From that point forward, I learned how to avoid any similar situation. I learned how to use a variety of words and phrases, in addition to employing body position techniques, taking a step back and keeping my hands in my pockets, to prevent any such reoccurence.
People may find my behaviors odd but these are simply self-protective devices to help prevent me from being sensory overloaded and freaking out.
I used to feel bad that I was so odd and had such eccentric mannerisms, now I know that it is simply who I am and what works best for me. I'm not embarrassed or ashamed to be autistic anymore.
And yes, I don't like being handed things.
I'm okay with that 😊.
Sunday, October 4, 2015
Saturday, October 3, 2015
Gift giving is overrated, highly stressful, embarrassing and something to be avoided whenever possible. It is a social custom that stymies and bothers me.
First off, the social protocols are not well defined. Who receives a gift, subject matter and price range is highly individualized. Determining what an individual perceives of as a "wanted gift" is akin to rolling the dice and hoping for the best.
I have given gifts that caused another to do the prefunctionary mumbled, "thank you", where upon said gift vanishes into obscurity in a closet, drawer, trash or local thrift store.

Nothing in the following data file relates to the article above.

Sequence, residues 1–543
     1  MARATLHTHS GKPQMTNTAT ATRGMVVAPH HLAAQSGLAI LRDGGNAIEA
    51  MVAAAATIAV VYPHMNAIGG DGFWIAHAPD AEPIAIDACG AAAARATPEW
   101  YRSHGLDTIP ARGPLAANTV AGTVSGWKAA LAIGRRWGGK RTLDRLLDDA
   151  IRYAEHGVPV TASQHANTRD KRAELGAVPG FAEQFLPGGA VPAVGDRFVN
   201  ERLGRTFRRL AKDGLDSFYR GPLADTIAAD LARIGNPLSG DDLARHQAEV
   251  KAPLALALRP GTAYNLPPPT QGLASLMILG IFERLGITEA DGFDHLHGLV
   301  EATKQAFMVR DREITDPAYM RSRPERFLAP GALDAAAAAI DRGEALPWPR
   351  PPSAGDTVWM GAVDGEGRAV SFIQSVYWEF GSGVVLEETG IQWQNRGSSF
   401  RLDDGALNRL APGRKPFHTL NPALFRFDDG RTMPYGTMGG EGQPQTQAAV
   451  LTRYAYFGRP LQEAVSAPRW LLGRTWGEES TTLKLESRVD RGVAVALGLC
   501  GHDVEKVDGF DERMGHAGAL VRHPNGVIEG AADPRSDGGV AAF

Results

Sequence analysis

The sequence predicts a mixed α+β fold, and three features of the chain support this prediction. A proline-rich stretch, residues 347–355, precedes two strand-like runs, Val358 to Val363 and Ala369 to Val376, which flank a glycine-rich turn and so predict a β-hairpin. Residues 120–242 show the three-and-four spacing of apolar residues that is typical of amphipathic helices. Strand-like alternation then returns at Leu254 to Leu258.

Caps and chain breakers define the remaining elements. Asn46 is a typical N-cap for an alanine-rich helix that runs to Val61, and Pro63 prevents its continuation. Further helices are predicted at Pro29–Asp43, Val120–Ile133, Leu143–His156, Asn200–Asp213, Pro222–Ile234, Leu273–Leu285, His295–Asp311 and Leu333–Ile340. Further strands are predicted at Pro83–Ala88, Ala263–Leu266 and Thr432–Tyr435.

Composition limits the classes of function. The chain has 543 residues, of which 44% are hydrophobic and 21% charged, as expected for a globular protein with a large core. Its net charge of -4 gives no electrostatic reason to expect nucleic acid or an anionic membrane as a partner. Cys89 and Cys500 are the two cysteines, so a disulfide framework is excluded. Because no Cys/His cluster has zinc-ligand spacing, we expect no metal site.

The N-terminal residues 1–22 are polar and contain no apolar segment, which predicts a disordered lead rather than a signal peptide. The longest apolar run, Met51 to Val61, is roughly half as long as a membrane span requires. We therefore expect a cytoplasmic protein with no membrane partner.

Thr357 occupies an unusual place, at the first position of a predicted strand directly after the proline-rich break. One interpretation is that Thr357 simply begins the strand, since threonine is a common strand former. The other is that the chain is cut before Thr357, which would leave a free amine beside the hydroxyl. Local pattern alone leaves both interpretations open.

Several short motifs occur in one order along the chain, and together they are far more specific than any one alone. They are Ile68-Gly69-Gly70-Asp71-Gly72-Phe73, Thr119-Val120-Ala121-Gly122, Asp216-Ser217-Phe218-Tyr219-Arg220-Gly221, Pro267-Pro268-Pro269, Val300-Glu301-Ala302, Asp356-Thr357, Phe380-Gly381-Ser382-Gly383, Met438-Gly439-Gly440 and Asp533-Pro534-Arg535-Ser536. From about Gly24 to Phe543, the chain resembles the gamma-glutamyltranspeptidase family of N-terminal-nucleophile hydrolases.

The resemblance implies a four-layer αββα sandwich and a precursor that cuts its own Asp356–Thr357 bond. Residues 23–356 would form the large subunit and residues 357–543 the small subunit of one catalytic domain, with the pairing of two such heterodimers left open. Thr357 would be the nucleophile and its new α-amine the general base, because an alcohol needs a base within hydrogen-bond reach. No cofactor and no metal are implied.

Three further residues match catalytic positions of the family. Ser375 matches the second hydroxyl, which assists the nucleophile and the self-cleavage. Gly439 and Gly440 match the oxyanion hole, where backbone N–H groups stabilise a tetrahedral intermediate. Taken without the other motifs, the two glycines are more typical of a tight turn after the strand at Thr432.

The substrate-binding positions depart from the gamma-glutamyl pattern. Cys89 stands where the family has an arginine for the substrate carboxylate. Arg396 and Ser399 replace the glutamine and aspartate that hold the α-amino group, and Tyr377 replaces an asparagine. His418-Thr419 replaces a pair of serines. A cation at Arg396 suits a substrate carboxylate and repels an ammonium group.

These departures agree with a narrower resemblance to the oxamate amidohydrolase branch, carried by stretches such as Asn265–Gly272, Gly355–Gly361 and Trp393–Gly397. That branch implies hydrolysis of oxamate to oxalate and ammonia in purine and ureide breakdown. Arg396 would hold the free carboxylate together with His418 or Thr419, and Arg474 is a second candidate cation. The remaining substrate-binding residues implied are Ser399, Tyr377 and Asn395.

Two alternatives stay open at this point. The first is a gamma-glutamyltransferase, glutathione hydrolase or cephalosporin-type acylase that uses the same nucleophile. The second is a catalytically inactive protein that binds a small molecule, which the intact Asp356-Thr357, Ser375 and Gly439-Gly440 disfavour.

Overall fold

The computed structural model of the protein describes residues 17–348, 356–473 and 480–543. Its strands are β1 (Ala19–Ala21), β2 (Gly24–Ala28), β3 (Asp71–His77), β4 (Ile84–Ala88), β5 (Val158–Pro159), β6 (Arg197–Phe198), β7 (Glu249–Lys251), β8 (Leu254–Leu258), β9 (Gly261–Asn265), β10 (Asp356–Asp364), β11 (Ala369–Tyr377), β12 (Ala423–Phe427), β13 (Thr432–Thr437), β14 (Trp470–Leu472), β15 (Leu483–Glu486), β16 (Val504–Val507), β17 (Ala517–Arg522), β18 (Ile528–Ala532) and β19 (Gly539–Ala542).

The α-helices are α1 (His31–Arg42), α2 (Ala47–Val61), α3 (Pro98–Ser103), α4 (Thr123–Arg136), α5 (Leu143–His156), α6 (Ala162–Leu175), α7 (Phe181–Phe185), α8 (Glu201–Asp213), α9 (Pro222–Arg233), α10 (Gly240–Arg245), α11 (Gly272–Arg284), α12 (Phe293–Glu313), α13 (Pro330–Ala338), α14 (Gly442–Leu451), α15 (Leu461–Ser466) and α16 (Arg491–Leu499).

The amount of thought, I put into selecting a gift, has proven to be time consuming and pretty much useless. I can't count how many gifts live in this house that were never wanted or appreciated....so, I stopped giving gifts. Problem solved.
Then, but of course, I'm met with the childlike disappointment of others who feel...less important or valued because I failed to buy the right number and type of gifts indicated by some obscure mental tally in their head.
Gift giving is not a simple, easy thing.
Receiving gifts is mostly an on-the-spot exercise in how quickly I can pretend to be grateful whilst processing the meaning of the gift; it's intent and the prefunctionary, oh my gosh, did I give a gift of equal value? I feel my reactions are watched acutely, which is horrid anyway. I'm trying to figure out how the gift giver would like me to react....and then, depending on the item, after a few days processing, I figure out whether I like it, will ever use it, want to keep it or throw it out.
It's simply too much thinking and figuring out. It is big stress with huge uncertainty on both sides. My blood pressure rises just writing about it and I feel I need a stiff drink and a toke.
Autism and gift giving...I don't wanna
Friday, October 2, 2015
Composing haiku is about awareness to the subtle, dramatic, details in our everyday lives.
It slows me down, entices me to pick a solitary subject, use a syllabic arrangement that starts off in one vein and suddenly turns into another.
I find writing haiku calms my mind and brings me into a more awake and aware state of being.
It's like a meditation of sorts. Highly theraputic.